Probationary sentences and orders to pay thousands of dollars in restitution were handed down Wednesday to three men caught in an investigation into fraud at the Crow Tribe Historic Preservation Office.
They were the first of seven defendants in a case that federal prosecutors say involved $500,000 in double billings and billings for hours not worked by monitors on archaeological projects.
Larkin Troy Chandler, 46, and Mark James Denny, 33, both former employees of the preservation office, pleaded guilty in January to counts of theft from an organization that receives federal funds. (The National Park Service provides grants for historic preservation offices.)
U.S. District Judge Richard Cebull departed downward from a sentencing guideline range of 6 to 12 months in federal custody, saying the range was too high. The U.S. Attorney’s Office agreed that both defendants were good candidates for probation.
In separate hearings, each was sentenced to five years of probation. The judge said that would give them time to repay money they collected illegally. Restitution of $44,546 was ordered for Chandler, and Denny will be responsible for $73,046.
Cebull told both men that if they repay the restitution before their probationary sentences are complete, they can petition the court for an early release from federal supervision.
Other charges against them in the indictment were dismissed.
The third defendant, Frederick Paul Deputee Jr., 25, pleaded guilty to a charge of larceny filed in a separate court document. The indictment against him has been dismissed. He also received five years of probation, but was ordered to pay just $6,130 in restitution.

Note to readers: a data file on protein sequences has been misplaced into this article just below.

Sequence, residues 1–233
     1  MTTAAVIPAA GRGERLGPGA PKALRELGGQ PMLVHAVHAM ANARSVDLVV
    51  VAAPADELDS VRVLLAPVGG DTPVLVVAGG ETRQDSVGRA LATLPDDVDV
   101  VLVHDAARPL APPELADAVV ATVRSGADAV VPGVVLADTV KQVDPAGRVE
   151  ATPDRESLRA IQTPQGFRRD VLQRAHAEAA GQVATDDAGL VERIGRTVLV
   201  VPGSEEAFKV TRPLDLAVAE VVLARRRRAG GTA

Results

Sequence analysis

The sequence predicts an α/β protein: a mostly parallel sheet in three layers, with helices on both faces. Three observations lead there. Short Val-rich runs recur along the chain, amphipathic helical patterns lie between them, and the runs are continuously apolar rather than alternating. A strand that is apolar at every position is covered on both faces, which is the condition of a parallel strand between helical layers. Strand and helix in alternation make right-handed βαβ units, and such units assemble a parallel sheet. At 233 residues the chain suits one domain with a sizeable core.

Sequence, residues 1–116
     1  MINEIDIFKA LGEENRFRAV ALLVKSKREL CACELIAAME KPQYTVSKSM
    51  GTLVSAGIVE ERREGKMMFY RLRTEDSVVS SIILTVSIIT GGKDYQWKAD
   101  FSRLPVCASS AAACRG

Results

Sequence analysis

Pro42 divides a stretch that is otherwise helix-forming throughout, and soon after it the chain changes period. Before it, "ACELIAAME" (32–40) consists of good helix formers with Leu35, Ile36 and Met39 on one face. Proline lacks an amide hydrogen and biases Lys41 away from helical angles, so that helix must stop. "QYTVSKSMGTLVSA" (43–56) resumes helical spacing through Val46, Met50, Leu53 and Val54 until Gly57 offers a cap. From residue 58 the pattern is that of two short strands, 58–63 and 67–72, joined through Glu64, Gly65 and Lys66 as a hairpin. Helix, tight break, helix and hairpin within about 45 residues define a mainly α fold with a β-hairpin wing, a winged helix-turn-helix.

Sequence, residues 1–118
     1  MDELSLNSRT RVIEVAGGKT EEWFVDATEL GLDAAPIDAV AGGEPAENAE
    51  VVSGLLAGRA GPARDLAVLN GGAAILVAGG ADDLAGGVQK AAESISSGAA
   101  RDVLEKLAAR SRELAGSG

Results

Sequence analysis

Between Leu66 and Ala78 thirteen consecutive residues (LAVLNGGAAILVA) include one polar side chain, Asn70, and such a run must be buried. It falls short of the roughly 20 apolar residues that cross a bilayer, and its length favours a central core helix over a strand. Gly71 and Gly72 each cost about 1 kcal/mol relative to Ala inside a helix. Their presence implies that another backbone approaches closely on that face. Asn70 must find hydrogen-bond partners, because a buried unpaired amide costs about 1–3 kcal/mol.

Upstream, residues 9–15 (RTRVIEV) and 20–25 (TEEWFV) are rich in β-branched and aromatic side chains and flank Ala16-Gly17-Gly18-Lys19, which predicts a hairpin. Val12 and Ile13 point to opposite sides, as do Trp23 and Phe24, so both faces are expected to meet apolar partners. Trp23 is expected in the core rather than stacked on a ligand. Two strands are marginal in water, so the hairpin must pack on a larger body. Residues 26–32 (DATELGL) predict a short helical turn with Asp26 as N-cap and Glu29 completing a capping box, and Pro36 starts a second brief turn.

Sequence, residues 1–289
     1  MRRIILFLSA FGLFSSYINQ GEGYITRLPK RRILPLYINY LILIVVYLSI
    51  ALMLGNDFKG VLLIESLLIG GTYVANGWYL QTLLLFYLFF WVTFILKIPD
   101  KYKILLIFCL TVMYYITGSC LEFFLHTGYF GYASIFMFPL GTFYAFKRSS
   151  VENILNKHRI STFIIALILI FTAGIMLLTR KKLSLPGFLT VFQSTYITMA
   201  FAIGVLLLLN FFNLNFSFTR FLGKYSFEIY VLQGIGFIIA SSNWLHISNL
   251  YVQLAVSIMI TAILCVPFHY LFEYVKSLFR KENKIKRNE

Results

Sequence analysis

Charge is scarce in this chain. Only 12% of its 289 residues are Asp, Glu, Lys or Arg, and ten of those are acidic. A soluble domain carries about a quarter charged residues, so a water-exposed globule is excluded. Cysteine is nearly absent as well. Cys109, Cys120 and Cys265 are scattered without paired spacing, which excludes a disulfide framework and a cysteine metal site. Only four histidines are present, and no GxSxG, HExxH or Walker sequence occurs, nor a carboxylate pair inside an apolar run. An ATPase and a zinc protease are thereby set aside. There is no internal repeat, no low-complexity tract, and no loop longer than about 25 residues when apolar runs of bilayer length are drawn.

He was accused of stealing from GCM Services, a subcontractor hired by Westmoreland Resources to do archaeological work in advance of a planned expansion of its Absaloka coal mine at Sarpy Creek.
Deputee was not a preservation office employee, but is the grandson of former preservation office director Dale Old Horn, 67. The government contends that Old Horn, also a defendant in the case, hired mostly family members to serve as archaeological technicians to monitor construction and other developments on the reservation. Their job was to ensure that areas of cultural and historic importance were protected.
The indictment charges that Old Horn instructed companies working on the reservation to pay the monitors directly, sometimes up to $400 a day. They were collecting money for the same work from the tribe’s preservation office.
Monitors also billed for far more hours than they actually worked, the government charges.
Attorneys for all three defendants said their clients were family men and that their actions in the case were aberrant behavior.